While visiting my ancestral town we found ourselves with invitations to a party. Just as we were feeling really and truly flattered, we discovered that everyone in town was invited. The occasion was Carmela's birthday; Carmela likes a party and the comune was only too happy to oblige her. After all, she is Anzi's first centenarian.
Fliers went up all over the village inviting the good citizenry to come celebrate. A stage was erected in the main piazza and a long table prepared off to the side. A special mass was said in Carmela's honor and the congregation presented her with a lovely painting. After a benediction and a prayer of thanks for her presence and devotion, the full-to-overflowing church emptied out into the piazza.
Carmela slowly made her way through the crowd, waving and echoing her grazie to the many auguri called out her way. She walked up to the stage and listened as the mayor sang (well, recited) her praises. He bored everyone, as mayoral speeches tend to do, and we peeked to see if Carmela herself was getting antsy in an "I don't have all day" kind of way. Maybe she was whispering, "Not getting any younger over here, sindaco!" But no, she was listening intently and enjoying the procedings.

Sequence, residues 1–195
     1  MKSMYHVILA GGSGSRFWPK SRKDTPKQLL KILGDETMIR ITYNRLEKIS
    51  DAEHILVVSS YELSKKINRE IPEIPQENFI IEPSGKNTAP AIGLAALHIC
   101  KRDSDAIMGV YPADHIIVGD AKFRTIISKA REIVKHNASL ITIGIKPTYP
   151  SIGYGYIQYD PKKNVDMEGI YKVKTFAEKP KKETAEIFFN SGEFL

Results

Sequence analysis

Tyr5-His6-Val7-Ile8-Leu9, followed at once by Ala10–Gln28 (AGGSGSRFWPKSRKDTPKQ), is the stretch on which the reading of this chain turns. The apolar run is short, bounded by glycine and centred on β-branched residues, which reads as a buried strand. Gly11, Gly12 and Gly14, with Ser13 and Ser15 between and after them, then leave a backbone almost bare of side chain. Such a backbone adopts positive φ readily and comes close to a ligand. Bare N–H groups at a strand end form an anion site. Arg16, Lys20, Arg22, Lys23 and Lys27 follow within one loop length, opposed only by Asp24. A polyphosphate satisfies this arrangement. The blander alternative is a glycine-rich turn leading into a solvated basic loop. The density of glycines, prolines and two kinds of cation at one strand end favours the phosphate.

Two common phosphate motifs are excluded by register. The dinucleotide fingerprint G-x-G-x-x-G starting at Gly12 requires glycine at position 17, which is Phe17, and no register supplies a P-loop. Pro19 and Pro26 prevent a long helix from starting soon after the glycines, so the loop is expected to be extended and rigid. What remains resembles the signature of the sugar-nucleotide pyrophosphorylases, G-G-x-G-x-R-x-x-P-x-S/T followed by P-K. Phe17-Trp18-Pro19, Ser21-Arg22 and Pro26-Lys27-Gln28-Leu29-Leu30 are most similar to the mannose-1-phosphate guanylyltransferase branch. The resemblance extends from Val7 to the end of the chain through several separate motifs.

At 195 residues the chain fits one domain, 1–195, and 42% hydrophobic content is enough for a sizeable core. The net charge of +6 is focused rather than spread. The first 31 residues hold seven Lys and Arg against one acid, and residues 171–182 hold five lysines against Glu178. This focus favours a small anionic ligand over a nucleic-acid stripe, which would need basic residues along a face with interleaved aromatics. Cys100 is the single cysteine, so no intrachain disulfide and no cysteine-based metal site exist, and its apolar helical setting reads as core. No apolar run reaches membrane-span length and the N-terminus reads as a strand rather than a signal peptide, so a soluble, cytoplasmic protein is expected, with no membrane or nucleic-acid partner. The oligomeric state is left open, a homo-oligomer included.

Carmela lives alone up one of the steep, narrow streets. She still follows the "early to bed, early to rise" creed of her generation, and still cooks. When she speaks, her voice is still clear and strong. The years have passed quickly, she says.
Bottles of Prosecco were opened and Carmela was toasted (she enjoyed a glass herself). An enormous torta was cut and served around. Under brilliant sunlight the piazza was filled with her family and friends, and her joyful face showed her pleasure in the event and in her town. Children danced together off to the side while adults milled about and chatted amiably while balancing plates of cake.
While it's a small town, it was by far the largest birthday party I've ever attended. Buon compleanno, Carmela!